Many Vancouverites have paid visits to this local theatre, considered the ‘Grand Old Lady of Granville’, as have many film sets.
The Orpheum Theatre is nearly a century old and is an iconic landmark in Vancouver’s downtown core, situated on the Granville Strip. According to a local ghost expert it’s also haunted.
Designed in a mix of Romanesque, Moorish, Gothic and Spanish Renaissance styles– typical of larger North American cinemas in the late 1920s, the theatre continues to attract both local audiences and Hollywood North crews.
The venue has a unique interior but it’s history is just as captivating.
Although the Orpheum officially opened on Nov. 7, 1927, locals had already been enjoying films the day prior, when the theatre had its soft launch day-long screening of three shows including vaudeville acts, films, news reels, and musical performances from 1 p.m. to 11 p.m.
In 1973, faced with a dwindling audience and economic pressure, the Famous Players cinema chain decided to give the inside of the Orpheum a makeover and turn it into a multiplex movie theatre. However, the news prompted a “Save the Orpheum” public protest and fundraising campaign which ultimately rescued the theatre.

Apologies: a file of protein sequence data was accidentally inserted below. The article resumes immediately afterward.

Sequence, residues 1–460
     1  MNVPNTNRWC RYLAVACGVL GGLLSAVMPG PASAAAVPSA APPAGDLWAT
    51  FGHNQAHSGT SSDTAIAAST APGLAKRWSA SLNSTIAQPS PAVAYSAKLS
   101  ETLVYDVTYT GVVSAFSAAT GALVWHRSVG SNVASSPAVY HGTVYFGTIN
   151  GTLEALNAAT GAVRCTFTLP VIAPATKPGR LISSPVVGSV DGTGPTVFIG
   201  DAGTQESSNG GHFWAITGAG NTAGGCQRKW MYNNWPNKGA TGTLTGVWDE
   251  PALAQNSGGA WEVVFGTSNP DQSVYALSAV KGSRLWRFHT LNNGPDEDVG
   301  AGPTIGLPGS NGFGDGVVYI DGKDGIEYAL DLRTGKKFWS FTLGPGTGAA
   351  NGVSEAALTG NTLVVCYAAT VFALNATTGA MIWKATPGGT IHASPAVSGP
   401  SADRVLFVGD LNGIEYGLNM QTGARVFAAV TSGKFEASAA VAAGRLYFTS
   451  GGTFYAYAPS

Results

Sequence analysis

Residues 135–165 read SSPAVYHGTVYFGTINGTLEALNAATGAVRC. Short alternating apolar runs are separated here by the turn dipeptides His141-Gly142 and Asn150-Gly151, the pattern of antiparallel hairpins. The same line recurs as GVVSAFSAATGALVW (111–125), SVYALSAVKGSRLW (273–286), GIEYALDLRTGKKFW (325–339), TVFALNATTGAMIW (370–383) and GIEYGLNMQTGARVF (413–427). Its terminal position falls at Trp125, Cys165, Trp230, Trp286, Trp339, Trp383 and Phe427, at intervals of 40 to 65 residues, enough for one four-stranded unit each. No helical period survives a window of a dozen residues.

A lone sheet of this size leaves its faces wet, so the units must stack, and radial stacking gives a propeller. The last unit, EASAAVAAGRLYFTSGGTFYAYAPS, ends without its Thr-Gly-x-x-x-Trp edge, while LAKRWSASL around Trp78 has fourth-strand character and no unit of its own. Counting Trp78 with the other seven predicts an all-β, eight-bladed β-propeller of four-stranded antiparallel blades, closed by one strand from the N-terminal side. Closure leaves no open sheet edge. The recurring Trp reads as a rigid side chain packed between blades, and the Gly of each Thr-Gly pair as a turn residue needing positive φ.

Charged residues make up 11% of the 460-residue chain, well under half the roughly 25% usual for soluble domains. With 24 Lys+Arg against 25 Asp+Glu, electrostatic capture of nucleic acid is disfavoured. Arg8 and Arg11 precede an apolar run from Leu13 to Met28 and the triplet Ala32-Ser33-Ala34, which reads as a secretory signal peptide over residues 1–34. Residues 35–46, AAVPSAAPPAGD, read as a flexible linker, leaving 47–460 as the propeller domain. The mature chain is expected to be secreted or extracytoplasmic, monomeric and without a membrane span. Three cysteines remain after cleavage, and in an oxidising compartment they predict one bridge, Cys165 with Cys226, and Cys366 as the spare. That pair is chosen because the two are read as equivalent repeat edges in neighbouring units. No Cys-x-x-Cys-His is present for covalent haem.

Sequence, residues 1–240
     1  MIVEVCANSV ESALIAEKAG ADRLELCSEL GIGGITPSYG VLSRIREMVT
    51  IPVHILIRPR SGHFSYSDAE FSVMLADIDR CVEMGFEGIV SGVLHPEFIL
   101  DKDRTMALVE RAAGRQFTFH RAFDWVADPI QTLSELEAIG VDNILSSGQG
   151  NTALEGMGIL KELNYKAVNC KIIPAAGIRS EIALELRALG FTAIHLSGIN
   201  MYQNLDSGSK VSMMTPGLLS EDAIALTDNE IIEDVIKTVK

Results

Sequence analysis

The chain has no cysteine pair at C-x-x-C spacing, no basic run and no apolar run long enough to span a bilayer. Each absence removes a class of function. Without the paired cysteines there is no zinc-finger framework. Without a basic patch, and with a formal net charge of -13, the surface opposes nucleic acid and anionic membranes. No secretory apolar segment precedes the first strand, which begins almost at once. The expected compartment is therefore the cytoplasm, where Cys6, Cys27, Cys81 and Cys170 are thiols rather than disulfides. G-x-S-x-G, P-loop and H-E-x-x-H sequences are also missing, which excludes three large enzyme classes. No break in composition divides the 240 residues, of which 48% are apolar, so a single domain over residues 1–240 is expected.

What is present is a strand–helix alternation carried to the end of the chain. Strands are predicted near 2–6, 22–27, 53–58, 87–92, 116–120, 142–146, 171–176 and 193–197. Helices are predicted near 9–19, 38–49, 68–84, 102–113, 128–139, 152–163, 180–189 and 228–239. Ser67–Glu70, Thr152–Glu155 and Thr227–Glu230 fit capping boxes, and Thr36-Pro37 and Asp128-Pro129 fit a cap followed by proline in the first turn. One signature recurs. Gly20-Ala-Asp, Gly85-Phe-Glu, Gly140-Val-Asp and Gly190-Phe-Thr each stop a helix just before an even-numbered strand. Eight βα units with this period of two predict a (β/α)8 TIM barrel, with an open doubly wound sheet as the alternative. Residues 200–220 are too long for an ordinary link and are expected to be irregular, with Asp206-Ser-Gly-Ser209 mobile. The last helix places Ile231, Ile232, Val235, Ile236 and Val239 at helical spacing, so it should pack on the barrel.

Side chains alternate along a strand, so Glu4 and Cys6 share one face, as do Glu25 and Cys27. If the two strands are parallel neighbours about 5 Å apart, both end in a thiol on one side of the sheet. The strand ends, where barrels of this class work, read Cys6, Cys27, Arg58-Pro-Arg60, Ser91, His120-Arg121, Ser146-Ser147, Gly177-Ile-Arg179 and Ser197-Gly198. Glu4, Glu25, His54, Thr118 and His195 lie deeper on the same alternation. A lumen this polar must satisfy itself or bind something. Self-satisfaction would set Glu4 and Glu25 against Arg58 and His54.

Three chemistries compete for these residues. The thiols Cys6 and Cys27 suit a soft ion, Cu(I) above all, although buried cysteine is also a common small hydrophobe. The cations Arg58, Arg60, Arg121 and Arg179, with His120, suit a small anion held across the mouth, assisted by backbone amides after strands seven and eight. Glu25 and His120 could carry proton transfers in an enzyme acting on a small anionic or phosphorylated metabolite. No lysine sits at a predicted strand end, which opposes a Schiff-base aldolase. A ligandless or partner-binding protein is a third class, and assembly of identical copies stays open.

On March 19, 1974, the City of Vancouver bought the theatre for $7.1 million, closed it for renovations in 1975, and didn’t reopen it again until April 2, 1977. It became the permanent home of the Vancouver Symphony Orchestra and in 1979 it was declared a national historic site.
The inside of the Orpheum theatre is a marvel itself.
During the winter between 1975 to 1976, a ceiling mural was painted on 24 large canvas panels (they were made in and shipped from Los Angeles) by famed decorative artist and muralist Tony Heinsbergen, who also helped decorate the Orpheum before it’s original opening in 1927.
The mural became the theatre’s signature detail and features many figures based on real people, such as Paul Merrick, the theatre’s design architect, who is pictured as the bearded man serenading the muse.
At the time of its opening, the theatre also featured a gold-leafed ceiling, crystal chandeliers, silk wall hangings, and a $45,000 organ. The main entry of the theatre is faced with glazed terra cotta block cladding in the Second Renaissance style.
The 96-year-old theatre can be spotted in a number of movies and TV series, from superhero shows like Supergirl to famous films like The Twilight Saga: Breaking Dawn Part 1.
These are all the movies and TV shows that filmed at this historic landmark:
- The Flash
- The X-Files
- The L Word
- The Magicians
- Legends of Tomorrow
- Battlestar Galactica
- The Changeling
- Battle in Seattle
- The Twilight Saga: Breaking Dawn Part 1
- The Imaginarium of Doctor Parnassus